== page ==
Use social media to connect with your community

posted by Patrick Dix on Thursday, June 20, 2019 in SHAZAM Blog

Right now, your customers and future customers are on social media.

Research shows at any time, of any day, you have an opportunity to connect with someone who is, or could become, your customer. That information can excite you about the potential, and at the same time be overwhelming with the sheer scale of social media. How can a community financial institution make an impact? Here are a few ideas.

Select a platform

First, consider why you’re using a specific social media platform to communicate with your community and your customers. Too many times institutions jump onto social media before considering why they’re doing it. It seems obvious to start with an omnipresent channel like Facebook, but if you can identify more specific goals for social communication, posts can be used to target specific groups or specific areas of your community. If your goal is to increase small business loans, LinkedIn may be a better solution. When your employee’s teenage daughter says your institution should be on Snapchat, a little research will show whether this strategy can help achieve your business goals.

Tell your story

Once the social media platforms and goals have been identified, focus on telling your story. A mere list of your products and services isn’t going to cut it. Lower interest rates, deep-seated community involvement and excellent customer service are assets every institution offers. Instead, consider the first-time home-buying experience. How did you make your new mortgage holder feel when they were going through the lending process? How do you make the experience better than your competitors? Tell that story in a social media post and nearly every homeowner can relate to your institution.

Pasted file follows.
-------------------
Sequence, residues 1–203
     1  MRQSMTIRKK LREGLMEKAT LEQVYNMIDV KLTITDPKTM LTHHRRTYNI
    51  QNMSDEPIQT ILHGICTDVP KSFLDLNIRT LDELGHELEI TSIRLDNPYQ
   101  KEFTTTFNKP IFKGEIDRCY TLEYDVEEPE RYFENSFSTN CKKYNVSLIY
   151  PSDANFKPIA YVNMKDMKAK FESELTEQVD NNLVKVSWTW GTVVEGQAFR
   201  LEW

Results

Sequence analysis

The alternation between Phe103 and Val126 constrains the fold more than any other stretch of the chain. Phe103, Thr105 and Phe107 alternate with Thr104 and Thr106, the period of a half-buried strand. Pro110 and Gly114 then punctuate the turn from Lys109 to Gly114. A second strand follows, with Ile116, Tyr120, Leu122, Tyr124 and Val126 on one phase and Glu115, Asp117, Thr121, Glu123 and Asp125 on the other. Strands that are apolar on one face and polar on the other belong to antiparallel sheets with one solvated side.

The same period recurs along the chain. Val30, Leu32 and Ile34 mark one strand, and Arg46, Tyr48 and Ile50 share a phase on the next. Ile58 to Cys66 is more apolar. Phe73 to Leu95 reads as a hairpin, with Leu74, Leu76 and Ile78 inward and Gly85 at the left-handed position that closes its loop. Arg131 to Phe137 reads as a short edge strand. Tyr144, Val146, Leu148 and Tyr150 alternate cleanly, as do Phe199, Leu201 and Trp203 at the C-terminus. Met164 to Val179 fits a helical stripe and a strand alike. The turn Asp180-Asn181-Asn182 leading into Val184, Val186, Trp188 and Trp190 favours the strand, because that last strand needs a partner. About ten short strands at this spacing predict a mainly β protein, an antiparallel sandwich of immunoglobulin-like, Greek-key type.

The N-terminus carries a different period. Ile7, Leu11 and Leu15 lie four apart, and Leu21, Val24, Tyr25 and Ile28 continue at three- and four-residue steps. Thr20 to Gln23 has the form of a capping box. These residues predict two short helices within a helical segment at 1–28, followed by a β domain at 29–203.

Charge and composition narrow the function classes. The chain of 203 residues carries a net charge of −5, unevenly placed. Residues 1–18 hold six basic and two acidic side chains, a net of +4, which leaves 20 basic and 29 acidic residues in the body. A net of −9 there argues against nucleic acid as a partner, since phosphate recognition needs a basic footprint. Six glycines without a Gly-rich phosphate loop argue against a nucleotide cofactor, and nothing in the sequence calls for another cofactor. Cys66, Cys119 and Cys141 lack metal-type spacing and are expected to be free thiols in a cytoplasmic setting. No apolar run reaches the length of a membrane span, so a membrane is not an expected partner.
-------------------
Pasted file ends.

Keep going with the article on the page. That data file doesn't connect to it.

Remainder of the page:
Consider the connections you’ve made to community organizations through sponsorships or donations. A social media post telling the personal story of why you’ve partnered with a specific charity or community group is often a great motivator for a prospect to visit your institution and open an account.

Target your audience

As your storytelling skills are perfected, boost posts to specific audiences. The cost is significantly less than traditional advertising and allows you to reach new audiences determined by geographic area, gender, age, income level and job type. If just a few of those targeted users “like” your page, you’ve elevated the effectiveness of your social program by opening up connections to new audiences.

There’s no silver bullet to social media — you have to experiment. Find stories to connect community members to the products and services you offer. Work to understand the tools available on social media and try to find the most effective combination of platforms, the types of stories that connect with your audiences, and the places to amplify your message with paid support.

Stop thinking of social media as an enormous universe of content too big for your small community institution. Start viewing it as a way to connect closely with the people you want to do business with at your institution.


  1. community
  2. connect
  3. social media

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